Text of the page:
a very exciting discovery, and while not feasible yet, it certainly foreshadows what might not only be the future of H pylori treatment but also the future of medicine itself.

H Pylori As A Protector?

In very recent research, scientists have begun postulating that in the absence of an ulcer, H pylori might actually not be a world-wide menace. H pylori is thought to have colonized humans for an upwards of 50,000 years, and there is the possibility that we have adapted to its presence (3).

Furthermore, researchers have discovered the H pylori, in certain populations, acts as an stomach acid suppressant (4). Researchers have even implicated that not being infected with H pylori is actually a risk for gastroesophageal reflux disease, also known as GERD (5). Treating H pylori and taking out the bacteria, may actually cause the patient to develop GERD (for those that do not know, GERD is chronic heartburn). GERD is very unpleasant in the short term and linked to esophageal damage and cancer in the long term.

Some scientists are now advising that populations at risk for GERD actually not receive H pylori treatment as long there is no ulcer or symptoms from H pylori infection (5). Other researchers have suggested that if H pylori is in the stomach, it is protective of GERD, but it colonizes the esophagus, it creates inflammation and should be eradicated (6).

Despite this evidence, I believe the data is too controversial to make any hard decisions on. To summarize the findings, if you have an ulcer, experience gastritis or any H-pylori related symptoms and have been diagnosed with H pylori, you will still want to receive H pylori treatment.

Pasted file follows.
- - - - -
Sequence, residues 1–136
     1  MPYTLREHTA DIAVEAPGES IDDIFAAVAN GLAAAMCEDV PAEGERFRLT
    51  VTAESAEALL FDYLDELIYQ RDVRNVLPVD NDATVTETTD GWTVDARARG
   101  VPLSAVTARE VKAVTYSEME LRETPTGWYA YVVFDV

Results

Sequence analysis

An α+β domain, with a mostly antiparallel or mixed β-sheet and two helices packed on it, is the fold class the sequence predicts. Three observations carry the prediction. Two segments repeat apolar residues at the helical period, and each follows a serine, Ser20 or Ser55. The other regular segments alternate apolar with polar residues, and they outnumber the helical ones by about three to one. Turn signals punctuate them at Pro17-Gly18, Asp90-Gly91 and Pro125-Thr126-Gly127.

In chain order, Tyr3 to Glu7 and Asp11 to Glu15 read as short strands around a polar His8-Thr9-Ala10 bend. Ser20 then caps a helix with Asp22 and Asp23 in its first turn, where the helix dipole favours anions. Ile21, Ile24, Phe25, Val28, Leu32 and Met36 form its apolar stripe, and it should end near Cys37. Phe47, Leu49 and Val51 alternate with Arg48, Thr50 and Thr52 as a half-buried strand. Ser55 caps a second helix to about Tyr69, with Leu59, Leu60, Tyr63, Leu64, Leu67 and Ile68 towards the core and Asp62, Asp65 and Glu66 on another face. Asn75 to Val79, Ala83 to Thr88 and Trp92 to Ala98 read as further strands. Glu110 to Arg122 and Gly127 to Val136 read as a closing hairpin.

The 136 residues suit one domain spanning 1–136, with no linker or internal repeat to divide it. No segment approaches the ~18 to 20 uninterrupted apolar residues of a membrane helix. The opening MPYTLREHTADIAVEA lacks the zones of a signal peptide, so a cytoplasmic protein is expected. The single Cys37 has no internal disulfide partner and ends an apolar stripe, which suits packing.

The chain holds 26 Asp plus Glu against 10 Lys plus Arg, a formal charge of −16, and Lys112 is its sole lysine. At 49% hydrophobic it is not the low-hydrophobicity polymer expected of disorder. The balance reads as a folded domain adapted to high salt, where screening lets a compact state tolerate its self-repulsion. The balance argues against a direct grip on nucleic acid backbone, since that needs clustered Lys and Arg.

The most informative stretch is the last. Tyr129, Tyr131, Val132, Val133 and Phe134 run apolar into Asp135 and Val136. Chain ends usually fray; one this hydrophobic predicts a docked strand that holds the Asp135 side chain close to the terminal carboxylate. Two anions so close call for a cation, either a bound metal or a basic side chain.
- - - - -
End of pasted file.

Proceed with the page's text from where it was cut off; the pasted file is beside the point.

Perhaps it is debatable if adults with GERD who are otherwise healthy should receive H pylori treatment, but more research needs to be done on this topic before becoming mainstream practice.


1. Vaira D et al. Sequential therapy versus standard triple-drug therapy for Helicobacter pylori eradication: A randomized trial. Ann Intern Med 2007 Apr 17; 146:556-63.

2. Zhang L, Mei Q, Li QS, Hu YM, Xu JM. The effect of cytochrome P2C19 and interleukin-1 polymorphisms on H. pylori eradication rate of 1-week triple therapy with omeprazole or rabeprazole, amoxycillin and clarithromycin in Chinese people. J Clin Pharm Ther. 2010 Dec;35(6):713-22.

3. Atherton J.C. & Blaser MJ. Coadaptation of Helicobacter pylori and humans: ancient history, modern implications. J Clin Invest. 2009 Sep;119(9):2475-87.

4. Ghoshal U.C. & Chourasia D. Gastroesophageal Reflux Disease and Helicobacter pylori: What May Be the Relationship? Neurogastroenterology & Motility. 2010 Jul;16(3):243-50.

5. Chourasia D, Misra A, Tripathi S, Krishnani N, Ghoshal UC. Patients with Helicobacter pylori infection have less severe gastroesophageal reflux disease: a study using endoscopy, 24-hour gastric and esophageal pH metry. Indian J Gastroenterol. 2011 Jan 26.

6. Liu FX, Wang WH, Wang J, Li J, Gao PP. Effect of Helicobacter pylori infection on Barrett’s esophagus and esophageal adenocarcinoma formation in a rat model of chronic gastroesophageal reflux. Helicobacter. 2011 Feb;16(1):66-77.